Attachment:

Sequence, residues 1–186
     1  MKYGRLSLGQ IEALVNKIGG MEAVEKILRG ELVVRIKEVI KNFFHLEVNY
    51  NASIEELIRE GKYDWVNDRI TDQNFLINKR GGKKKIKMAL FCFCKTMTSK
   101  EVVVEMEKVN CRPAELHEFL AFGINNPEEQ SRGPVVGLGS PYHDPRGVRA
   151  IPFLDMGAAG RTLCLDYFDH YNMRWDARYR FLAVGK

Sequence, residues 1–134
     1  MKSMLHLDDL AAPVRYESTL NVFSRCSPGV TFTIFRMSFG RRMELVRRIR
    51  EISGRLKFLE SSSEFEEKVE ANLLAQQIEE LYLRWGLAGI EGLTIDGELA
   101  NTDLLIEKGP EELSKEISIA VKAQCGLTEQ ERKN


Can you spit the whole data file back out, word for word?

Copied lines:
Sequence, residues 1–186
     1  MKYGRLSLGQ IEALVNKIGG MEAVEKILRG ELVVRIKEVI KNFFHLEVNY
    51  NASIEELIRE GKYDWVNDRI TDQNFLINKR GGKKKIKMAL FCFCKTMTSK
   101  EVVVEMEKVN CRPAELHEFL AFGINNPEEQ SRGPVVGLGS PYHDPRGVRA
   151  IPFLDMGAAG RTLCLDYFDH YNMRWDARYR FLAVGK

Sequence, residues 1–134
     1  MKSMLHLDDL AAPVRYESTL NVFSRCSPGV TFTIFRMSFG RRMELVRRIR
    51  EISGRLKFLE SSSEFEEKVE ANLLAQQIEE LYLRWGLAGI EGLTIDGELA
   101  NTDLLIEKGP EELSKEISIA VKAQCGLTEQ ERKN